Re: New to me 1924 Buescher Alto
This is an early version without a front F key. That holds its value back a bit and makes it a bit less deireable TO MOST players. It may still have its snap in resonators. That is a big plus for originality. Look closely for a metal resonator with a patent date on it.
Lower end for a top end setup would be in the 500 range.
The big guys get 60 bucks an hour (do the math), closing in on 1000 bucks.
Cleaning and hand polishing is time consuming but is not necessary to make it play perfectly.
In my shop I actually put in the effort to stabilize and clean the old case, unless it is simply dead. Polish up the metal parts (metal brush on a dremel), etc. Customers are usually amazed at what can be done with minimal effort to a beat up case. Gorilla glue and Elmers outside wood glue are necessary tools. New feet on the case if necessary. Gluing down velvet and cleaning it with a solid car interior cleaner. Recover the case handle. In no way expensive, just a little insight. I worked with Cybersax in the 1990s and a vintage case is all part of the whole picture. I do a lot of this.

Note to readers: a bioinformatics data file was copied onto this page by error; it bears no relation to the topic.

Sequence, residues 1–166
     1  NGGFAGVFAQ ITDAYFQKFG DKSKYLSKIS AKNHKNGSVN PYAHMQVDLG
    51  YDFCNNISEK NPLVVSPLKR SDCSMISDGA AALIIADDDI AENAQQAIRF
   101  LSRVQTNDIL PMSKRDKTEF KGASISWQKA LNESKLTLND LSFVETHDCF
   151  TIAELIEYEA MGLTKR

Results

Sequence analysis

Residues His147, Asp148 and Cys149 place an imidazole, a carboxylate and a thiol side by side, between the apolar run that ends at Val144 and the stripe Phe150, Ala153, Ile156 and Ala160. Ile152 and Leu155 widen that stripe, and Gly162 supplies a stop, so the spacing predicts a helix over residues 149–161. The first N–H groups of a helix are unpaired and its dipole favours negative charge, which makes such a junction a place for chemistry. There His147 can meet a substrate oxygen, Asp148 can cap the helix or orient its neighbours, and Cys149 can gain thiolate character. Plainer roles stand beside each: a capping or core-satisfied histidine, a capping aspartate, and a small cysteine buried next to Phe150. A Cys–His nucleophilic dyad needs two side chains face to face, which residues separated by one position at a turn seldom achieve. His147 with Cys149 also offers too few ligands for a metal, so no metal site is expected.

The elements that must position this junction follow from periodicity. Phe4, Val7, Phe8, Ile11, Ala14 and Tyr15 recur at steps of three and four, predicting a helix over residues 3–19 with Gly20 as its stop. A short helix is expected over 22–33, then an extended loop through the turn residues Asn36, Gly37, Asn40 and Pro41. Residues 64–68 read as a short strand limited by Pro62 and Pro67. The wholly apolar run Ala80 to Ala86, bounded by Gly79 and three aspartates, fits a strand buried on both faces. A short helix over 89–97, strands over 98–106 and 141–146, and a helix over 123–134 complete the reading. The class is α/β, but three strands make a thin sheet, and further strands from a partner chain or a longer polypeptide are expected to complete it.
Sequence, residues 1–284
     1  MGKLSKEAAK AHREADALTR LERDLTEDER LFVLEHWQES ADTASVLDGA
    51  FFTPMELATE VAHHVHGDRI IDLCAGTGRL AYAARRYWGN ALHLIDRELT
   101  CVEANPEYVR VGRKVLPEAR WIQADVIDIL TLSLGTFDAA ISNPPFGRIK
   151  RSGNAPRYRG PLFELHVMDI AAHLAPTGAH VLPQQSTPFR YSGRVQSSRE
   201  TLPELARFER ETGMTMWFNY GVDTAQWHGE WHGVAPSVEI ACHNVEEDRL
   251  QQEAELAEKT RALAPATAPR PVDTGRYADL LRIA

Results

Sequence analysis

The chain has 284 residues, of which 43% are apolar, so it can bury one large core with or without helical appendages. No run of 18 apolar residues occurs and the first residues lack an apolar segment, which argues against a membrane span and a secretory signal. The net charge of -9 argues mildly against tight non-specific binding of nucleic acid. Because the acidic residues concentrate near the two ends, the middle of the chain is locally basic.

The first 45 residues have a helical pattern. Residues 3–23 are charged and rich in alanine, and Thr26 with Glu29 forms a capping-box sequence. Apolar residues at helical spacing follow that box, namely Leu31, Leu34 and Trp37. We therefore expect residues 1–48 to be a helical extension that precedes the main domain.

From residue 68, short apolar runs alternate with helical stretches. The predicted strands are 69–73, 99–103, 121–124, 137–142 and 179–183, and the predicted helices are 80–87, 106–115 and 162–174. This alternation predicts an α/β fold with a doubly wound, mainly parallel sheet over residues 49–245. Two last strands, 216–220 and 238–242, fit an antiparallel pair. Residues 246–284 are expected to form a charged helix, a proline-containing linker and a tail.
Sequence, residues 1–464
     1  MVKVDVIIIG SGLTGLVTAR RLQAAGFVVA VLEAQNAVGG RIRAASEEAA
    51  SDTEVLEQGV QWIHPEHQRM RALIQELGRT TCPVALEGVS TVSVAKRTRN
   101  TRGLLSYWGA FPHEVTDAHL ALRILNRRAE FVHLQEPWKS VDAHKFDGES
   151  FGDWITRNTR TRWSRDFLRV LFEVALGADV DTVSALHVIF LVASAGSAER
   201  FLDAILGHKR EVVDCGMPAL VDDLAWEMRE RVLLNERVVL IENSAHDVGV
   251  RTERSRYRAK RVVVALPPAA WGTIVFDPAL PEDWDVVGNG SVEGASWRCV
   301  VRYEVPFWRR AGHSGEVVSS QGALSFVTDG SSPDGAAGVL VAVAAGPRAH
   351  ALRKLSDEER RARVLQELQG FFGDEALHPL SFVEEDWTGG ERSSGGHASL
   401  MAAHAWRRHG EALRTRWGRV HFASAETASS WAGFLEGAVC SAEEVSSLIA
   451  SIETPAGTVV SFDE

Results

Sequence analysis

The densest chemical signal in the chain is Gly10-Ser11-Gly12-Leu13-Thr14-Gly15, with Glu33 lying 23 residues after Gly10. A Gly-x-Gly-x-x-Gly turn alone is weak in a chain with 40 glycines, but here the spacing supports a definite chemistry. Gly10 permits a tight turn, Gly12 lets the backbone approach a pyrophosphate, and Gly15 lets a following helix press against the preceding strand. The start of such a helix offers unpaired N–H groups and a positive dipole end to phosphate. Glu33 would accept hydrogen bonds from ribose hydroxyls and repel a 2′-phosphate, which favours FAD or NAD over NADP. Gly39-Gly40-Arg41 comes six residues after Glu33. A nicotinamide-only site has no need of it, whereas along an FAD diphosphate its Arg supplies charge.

So, if you simply want it to play, that is one thing. If you want it to play like new and look it, that will cost you. Ask around local music stores and find a local tech to look at it.
I'm in Cincinnati.